Mission Possible: Successful Family Vacations
Successful Family Vacations
Vacations can be wonderful times, providing opportunities for family members to strengthen their relationships through shared experiences. Vacations can also be challenging times for families that include children with special needs. In this article, we will share tactics and maneuvers to make family vacations more enjoyable for everyone. We will provide ideas through a road trip and family reunion (R&R) example for Liam and family, but the following steps can be used to plan any vacation.
Determine what you would like to do as a family during your vacation. Be positive, outlining the goals would you would like to achieve if everything goes as well as possible.
- Goals for the Road Trip to the Reunion for Liam and Family
- Travel through four states to spend time with extended family
- Enjoy the ride, rather than just making good time on the trip
- Create positive memories and further strengthen relationships
Gather as much information possible about the upcoming vacation to facilitate action planning. This reconnaissance can be done by considering previous experiences with similar vacations, asking other people who will be present or have traveled to the same place, or visiting sites on the internet to see descriptions, maps, and pictures. Ask yourself the following questions:
When: On what dates will we leave and return? How long will we be gone? What are the timelines for each of the activities? How much down time will there be?
Where: What places will we be visiting? What forms of transportation will we use? Where will we sleep and eat? What is the environment like in each of the places?
Who: With whom will we be interacting? Will the people be familiar or unfamiliar? What are their characteristics? How many people will be present in each activity?
What: In what types of activities will we be participating? For example, will they be indoor or outdoor? Active or passive?
Plan of Attack
Make arrangements and organize accommodations to make each activity as successful as possible. Consider the resources and potential risks associated with each setting. Your plan of attack may involve creative scheduling (e.g., alternating boring activities with those that are more enjoyable, establishing time limits based on the child’s needs), packing familiar and preferred items, requesting environmental modifications, and orienting the people with whom you will be coming in contact. It also may involve practicing skills with your child that will allow him or her to participate fully in activities, interact appropriately, and cope with particularly challenging circumstances.
R&R: Stock car with various toys, games, videos, and equipment for playing at the rest stops. Plan games and sing along activities, ensuring a variety of options. Pack snacks and picnic items for trip so dining in restaurants is not always necessary. Arrange for hotels with swimming pools and separate sleeping area. Investigate handicapped/disabled parking and facilities at park. Ask Grandma and Aunt Judy to stock up on preferred foods and to keep sweets out of sight, as well as to keep pets separate. Encourage familiar relatives to serve as “guides”, encouraging others to follow Liam’s lead and limit questions. Practice greeting and conversational exchanges. Post the itinerary on the wall calendar, reviewing it with Liam.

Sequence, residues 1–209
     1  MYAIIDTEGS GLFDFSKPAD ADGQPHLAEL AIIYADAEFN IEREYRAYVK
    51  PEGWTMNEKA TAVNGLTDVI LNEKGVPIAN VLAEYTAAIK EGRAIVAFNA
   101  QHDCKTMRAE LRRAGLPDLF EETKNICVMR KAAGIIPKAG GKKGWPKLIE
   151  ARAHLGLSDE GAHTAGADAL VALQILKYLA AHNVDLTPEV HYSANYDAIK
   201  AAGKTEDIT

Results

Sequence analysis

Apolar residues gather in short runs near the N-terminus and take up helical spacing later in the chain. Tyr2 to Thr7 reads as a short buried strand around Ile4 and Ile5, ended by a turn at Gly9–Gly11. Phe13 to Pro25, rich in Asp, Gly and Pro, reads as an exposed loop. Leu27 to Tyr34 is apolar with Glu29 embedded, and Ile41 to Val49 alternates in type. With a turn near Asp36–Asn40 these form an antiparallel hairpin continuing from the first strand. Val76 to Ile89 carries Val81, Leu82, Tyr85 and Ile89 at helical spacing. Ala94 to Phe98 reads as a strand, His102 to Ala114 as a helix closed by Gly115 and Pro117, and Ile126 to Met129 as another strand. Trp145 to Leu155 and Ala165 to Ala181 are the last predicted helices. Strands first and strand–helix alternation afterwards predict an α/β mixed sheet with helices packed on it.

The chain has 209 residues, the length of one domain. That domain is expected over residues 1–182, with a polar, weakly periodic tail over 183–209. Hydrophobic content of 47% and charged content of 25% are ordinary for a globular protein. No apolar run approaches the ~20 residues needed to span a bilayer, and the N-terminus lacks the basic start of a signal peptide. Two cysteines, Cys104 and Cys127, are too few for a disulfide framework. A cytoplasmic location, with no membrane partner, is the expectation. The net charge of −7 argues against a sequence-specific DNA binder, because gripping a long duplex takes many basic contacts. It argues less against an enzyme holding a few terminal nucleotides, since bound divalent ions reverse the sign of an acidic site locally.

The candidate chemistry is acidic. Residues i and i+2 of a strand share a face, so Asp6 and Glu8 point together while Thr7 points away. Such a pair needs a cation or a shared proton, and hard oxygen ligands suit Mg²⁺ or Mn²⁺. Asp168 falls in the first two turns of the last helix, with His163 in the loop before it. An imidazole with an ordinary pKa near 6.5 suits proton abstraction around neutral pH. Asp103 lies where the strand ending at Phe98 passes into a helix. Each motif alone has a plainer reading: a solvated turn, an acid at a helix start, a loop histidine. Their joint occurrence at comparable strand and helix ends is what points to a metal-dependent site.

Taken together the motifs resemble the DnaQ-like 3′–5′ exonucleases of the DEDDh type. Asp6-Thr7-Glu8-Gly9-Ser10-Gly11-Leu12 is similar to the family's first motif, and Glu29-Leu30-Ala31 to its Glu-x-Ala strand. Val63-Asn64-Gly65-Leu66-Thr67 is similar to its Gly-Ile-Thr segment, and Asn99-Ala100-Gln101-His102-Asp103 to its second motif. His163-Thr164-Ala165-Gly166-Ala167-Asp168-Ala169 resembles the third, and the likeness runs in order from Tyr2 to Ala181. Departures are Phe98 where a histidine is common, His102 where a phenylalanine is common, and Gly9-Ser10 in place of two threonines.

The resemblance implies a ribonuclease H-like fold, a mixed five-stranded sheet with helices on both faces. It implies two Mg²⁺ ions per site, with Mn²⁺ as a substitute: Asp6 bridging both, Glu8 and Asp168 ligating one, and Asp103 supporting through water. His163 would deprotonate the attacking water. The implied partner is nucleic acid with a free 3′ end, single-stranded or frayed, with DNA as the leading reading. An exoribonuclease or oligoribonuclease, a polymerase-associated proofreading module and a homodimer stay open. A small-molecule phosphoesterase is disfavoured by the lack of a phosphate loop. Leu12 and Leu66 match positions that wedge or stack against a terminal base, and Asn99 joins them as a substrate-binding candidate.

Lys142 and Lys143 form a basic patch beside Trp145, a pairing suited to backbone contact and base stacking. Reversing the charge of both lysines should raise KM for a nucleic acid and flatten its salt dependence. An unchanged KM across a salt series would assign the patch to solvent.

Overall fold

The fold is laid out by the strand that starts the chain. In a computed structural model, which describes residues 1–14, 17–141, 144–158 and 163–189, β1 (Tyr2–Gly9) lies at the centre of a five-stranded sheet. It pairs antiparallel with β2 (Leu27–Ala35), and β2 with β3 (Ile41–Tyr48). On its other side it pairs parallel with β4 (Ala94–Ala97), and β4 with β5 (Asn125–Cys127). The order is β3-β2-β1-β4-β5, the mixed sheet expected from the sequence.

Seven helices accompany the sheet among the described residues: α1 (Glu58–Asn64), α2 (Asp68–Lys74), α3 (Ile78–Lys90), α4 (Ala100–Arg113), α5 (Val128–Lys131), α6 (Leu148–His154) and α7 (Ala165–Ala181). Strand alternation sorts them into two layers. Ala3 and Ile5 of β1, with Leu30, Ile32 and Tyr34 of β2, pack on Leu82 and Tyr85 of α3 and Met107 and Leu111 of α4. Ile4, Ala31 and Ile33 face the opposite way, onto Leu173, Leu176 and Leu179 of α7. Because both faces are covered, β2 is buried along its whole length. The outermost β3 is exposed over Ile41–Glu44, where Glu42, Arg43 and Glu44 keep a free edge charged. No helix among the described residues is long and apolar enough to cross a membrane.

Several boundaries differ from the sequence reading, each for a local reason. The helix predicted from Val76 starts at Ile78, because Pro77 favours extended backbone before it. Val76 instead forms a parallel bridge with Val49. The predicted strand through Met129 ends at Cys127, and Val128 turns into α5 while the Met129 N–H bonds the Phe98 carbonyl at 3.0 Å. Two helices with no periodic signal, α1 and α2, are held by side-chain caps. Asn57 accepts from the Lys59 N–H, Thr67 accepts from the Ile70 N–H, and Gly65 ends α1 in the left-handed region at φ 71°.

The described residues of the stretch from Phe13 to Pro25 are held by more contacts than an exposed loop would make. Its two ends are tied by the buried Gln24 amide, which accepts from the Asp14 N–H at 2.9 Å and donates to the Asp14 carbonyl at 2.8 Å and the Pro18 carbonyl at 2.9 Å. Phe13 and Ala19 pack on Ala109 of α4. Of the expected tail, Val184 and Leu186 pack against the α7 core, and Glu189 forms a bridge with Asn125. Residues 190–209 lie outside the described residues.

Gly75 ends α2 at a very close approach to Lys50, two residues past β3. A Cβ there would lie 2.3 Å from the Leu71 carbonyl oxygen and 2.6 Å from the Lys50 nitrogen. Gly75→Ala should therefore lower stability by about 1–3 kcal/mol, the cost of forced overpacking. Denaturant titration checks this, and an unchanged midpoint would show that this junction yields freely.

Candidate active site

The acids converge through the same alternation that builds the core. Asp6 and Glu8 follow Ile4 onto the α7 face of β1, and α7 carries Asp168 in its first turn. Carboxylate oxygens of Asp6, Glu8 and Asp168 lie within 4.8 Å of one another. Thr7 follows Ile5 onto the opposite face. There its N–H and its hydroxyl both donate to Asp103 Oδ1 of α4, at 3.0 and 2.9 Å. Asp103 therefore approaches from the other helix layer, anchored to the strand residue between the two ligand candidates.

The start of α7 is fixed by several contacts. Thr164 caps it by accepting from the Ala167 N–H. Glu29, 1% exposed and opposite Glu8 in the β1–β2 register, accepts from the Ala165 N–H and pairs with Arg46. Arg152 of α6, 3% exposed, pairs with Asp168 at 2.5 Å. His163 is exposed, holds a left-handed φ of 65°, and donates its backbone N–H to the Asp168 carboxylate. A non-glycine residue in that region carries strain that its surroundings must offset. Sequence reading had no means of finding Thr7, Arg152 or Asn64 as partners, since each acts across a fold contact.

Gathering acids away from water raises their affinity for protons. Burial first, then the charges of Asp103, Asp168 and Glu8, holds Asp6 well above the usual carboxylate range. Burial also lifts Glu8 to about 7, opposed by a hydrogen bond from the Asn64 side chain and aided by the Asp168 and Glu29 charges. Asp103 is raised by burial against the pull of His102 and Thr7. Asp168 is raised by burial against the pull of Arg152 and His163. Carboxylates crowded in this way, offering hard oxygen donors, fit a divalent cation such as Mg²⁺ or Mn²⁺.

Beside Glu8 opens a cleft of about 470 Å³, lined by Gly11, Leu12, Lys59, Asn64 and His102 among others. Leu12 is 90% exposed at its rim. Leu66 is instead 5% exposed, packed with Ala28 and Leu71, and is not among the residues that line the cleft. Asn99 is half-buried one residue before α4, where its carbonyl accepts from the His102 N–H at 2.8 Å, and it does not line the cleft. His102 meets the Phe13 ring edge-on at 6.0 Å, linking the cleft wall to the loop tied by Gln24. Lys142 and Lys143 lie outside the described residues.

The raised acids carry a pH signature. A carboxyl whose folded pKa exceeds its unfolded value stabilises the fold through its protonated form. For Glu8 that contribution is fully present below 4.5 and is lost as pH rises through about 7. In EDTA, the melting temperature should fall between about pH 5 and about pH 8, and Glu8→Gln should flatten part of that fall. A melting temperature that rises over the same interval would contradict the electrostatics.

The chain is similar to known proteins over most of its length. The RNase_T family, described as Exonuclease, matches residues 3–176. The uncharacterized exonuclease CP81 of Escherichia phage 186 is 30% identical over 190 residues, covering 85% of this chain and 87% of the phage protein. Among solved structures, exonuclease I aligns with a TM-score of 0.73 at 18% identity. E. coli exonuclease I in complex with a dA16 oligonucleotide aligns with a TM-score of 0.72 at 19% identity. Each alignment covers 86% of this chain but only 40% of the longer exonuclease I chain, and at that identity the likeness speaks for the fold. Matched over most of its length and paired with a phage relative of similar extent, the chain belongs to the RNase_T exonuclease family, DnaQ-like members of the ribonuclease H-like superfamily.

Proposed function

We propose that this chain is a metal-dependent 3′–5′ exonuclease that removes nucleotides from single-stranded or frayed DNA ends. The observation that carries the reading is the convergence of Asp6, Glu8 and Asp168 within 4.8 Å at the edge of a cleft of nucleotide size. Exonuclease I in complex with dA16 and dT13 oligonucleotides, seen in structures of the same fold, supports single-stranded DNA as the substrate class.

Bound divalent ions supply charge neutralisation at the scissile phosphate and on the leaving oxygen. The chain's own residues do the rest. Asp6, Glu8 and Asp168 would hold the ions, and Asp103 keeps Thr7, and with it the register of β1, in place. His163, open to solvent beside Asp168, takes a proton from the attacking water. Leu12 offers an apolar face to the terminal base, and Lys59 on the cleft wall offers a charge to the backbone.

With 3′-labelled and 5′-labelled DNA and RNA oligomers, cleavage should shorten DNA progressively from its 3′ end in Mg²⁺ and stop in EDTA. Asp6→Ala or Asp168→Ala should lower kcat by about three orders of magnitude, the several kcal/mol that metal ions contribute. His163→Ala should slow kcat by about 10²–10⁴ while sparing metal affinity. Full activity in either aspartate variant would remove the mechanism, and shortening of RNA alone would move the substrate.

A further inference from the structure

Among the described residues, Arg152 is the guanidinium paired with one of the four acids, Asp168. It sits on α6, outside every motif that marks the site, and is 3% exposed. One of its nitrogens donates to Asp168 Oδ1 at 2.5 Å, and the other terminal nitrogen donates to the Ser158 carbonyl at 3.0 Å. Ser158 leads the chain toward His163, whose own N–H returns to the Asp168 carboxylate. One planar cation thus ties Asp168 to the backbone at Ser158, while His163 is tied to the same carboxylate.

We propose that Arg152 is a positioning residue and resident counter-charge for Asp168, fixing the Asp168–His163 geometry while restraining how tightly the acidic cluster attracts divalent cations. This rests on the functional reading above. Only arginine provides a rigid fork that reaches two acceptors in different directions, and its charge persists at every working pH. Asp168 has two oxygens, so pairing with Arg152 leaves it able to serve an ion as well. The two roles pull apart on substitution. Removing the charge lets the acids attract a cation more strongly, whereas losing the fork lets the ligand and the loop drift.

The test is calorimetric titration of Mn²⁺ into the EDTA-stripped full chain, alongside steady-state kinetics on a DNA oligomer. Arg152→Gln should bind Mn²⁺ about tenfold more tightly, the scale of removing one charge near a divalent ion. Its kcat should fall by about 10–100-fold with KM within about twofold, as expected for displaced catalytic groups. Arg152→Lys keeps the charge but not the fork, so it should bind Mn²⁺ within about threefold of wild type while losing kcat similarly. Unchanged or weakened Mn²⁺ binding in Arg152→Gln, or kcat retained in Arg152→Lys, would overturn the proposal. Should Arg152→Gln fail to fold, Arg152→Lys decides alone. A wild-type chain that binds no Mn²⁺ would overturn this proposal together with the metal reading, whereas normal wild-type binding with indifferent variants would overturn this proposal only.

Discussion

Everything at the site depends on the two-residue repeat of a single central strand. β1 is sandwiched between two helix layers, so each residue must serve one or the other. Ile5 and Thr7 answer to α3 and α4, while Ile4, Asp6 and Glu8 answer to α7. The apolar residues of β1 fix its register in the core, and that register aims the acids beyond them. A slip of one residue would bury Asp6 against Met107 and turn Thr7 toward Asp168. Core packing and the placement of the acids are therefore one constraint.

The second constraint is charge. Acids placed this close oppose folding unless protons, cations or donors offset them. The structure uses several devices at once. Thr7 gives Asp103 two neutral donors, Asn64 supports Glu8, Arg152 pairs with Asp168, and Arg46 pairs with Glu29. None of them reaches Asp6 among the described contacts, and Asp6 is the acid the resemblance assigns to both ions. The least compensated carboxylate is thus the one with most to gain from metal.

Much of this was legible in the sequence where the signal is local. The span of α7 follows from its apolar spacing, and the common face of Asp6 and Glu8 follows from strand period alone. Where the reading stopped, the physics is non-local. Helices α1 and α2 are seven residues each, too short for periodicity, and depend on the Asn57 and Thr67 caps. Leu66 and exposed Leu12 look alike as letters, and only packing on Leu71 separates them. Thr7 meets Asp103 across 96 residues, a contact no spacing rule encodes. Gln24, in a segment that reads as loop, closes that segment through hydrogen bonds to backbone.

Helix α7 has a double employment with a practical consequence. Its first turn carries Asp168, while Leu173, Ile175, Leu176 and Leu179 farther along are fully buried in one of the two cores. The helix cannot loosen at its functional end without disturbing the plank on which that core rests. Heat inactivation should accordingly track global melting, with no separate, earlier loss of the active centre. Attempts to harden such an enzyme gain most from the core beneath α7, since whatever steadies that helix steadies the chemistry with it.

When the vacation is underway, try to stick to your plan, but also be prepared to modify your approach based on the circumstances. You may have to engage in ongoing problem solving as new situations arise – expect the unexpected. Provide support by explaining upcoming activities and expectations (e.g., using pictures or gestures if needed) and rewarding your child’s successes with praise and special activities or treats.
R&R: Make sure Liam has a healthy breakfast and can use the potty each morning. Drive no more than 6 hours per day, taking brief breaks approximately every 90 minutes. Switch between activities every 15-20 minutes while in car and “get physical” at rest stops. Use social stories to prepare for hotels, restaurants, family homes, and museum. Prompt relatives how to interact positively with Liam. Arrange for stable, comfortable seating with Liam’s back to the crowd to allow for personal space.
Regrouping or Retreating
Even when planning is flawless, difficulties can arise during vacations that require a major shift in approach or retreat from the circumstances. It is important to have a back-up plan if your child (or you) gets stressed, making fun impossible. In these situations, help your child to signal that the situation is too hard with a word or gesture and allow a break from the situation.
R&R: Teach Liam to say, “I’m tired” or “I’m bored” if he appears stressed and respond to body language, changing activities or allowing him an opportunity to get away from groups of people. Avoid loud noises such as yelling and fireworks. Change clothes quickly following water play (since Liam hates being in wet clothes). Delay driving when raining heavily.
Following each activity during the vacation, identify what went well – taking stock in your successful experiences. At the end of the vacation, celebrate, knowing that you have created more positive memories for your family. Document successes with pictures for future use in building language and anticipating additional successful trips.
Meme Hieneman, has a Ph.D. in Special Education and is nationally certified as a behavior analyst. She has published a variety of articles, chapters, and books including “Parenting with Positive Behavior Support: A Practical Guide to Resolving Your Child’s Difficult Behavior.” In her professional career, Meme has worked with children with severe behavior problems for more than 20 years.
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This post originally appeared on our May/June 2015 Magazine